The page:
Child, if you are seeing this, I recommend that you scream for your dad/mum and get him/her to read this article RIGHT NOW. This can reduce your workload anywhere from 0 to 100%. Disclaimer: results are not guaranteed and if your parents scold you for trying to chicken out of doing homework, then too bad.

Hi parent.

I know what you are thinking right now. What is this article that my child wants me to see so desperately?

Well, this article is just a continuation of the Tiger Mom debate, started in 2011. Don’t tell me you haven’t heard of it – even your child has. And I have just taken it upon myself to be the saviour of all overworked students in Singapore. So read on to see how I will change your mind (or maybe not, if you are the typical Asian parent who won’t admit you are wrong).

According to Amy Chua, the first widely recognised Tiger Mom – but definitely not the first to force their kids to sit at the piano for 4 hours straight, deny sleepover and boyfriend requests, and obsess over the number of As their child got at PSLE, O levels and A levels—there are a few reasons why Asian parents in general are so strict on their child.

1. You believe that academic achievement reflects successful parenting

Admit it. It was never about your child. It was always about you. Being a parent is a full-time job, and the number of As your child got is your only KPI.  Come CNY, all your relatives are waiting for your report, and if your child fails even one subject – gasp, hell no—you lose face. (Child, of course I am exaggerating here. But the next time you have a fight with your parents for not getting an A for Maths, this will make a good comeback to their I-am-increasing-the-number-of-your-tuition-classes-for-your-own-good talk).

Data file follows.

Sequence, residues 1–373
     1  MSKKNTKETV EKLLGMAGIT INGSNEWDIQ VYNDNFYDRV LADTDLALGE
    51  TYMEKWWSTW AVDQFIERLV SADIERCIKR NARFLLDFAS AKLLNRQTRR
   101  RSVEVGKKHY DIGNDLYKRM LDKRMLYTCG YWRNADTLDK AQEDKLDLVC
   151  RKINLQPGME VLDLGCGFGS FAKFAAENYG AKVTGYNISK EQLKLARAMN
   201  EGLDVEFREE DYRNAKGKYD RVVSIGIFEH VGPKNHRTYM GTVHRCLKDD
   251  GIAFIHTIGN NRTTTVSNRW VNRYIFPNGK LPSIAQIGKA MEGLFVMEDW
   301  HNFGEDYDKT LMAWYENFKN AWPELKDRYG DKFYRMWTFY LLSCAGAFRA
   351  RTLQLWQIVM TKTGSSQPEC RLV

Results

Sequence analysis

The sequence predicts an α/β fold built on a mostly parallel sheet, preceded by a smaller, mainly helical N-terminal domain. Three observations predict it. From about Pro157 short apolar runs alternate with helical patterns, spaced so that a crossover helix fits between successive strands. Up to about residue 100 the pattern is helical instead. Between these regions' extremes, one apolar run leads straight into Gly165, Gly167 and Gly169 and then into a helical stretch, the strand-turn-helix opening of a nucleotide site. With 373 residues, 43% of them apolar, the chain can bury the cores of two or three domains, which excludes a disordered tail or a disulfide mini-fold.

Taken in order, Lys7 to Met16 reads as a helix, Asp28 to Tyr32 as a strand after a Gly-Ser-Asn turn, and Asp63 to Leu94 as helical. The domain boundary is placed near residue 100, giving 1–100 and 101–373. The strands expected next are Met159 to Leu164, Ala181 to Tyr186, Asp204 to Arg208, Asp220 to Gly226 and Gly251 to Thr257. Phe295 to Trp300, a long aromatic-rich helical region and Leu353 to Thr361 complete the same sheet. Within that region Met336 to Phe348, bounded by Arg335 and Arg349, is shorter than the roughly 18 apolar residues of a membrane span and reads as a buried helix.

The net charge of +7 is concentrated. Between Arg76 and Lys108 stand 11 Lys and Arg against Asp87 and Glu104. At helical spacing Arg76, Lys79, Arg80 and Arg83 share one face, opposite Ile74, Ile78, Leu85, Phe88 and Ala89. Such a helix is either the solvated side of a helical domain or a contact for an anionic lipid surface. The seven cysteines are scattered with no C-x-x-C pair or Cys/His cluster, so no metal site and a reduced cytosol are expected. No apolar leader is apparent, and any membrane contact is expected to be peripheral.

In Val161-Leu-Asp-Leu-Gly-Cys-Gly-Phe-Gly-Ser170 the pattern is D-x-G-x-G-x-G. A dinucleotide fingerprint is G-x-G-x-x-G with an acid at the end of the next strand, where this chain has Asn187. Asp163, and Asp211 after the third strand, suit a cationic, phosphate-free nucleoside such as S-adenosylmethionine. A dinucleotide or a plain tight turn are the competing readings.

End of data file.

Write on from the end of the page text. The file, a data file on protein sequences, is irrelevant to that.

2. You believe that nothing is fun until you are good at it

That’s why you spend hours drilling simple Maths concepts into your child, and send him to way too many tuition classes. To enjoy something, you have to be good at it. And to get good at anything, you have to put in the hard work. But is this really true? Your child sucks at DOTA – even you can see that—but no amount of expletives his friends throw at him can stop your child from having so much fun at his desk.

3. You are fortunate enough to be able to impose your standards on your kids

Unlike your poor western counterparts, you don’t have to struggle with your own conflicted feelings about how your child turned out fine despite being an unknown actress living together with her drug-dealer boyfriend because hey, she at least comes home once a year for Christmas. You are given permission by society to voice your disapproval. Calling your child out on laziness, unrealistic goals and promiscuity won’t have you labelled as a backward redneck who is out of step with mainstream society. But do watch how you speak your mind. Sometimes, the deepest wounds are invisible ones.

4. You genuinely believe in your child

Western parents think of their child as water balloons – too much pressure and they burst. You on the other hand, see your child as graphite. Under the right amount of pressure, he or she will turn into beautiful, shining beings who are resilient and sought after. (Again, this is an exaggeration, but hey, I am trying to make a point here.)

This transforms your parenting approach. You send your child to the best schools, because you know he or she will adapt to the environment and come out more confident and well versed from it. You push your child to take up different enrichment classes – piano, drawing, dance – because you know there are hidden talents in your child just waiting to be discovered. You scold your child for not getting an A on his Maths test because there is absolutely no way he won’t be getting an A. You know your child is too smart for that B. The only explanation must be that he is slacking off. And knowing that he is capable of so much, one of the worst things you can do for your child is to let him give up.

Never mind that a few decades back, you were bringing back the same horrible results that you are now scolding your child for…

Genetic mutation does occur, right?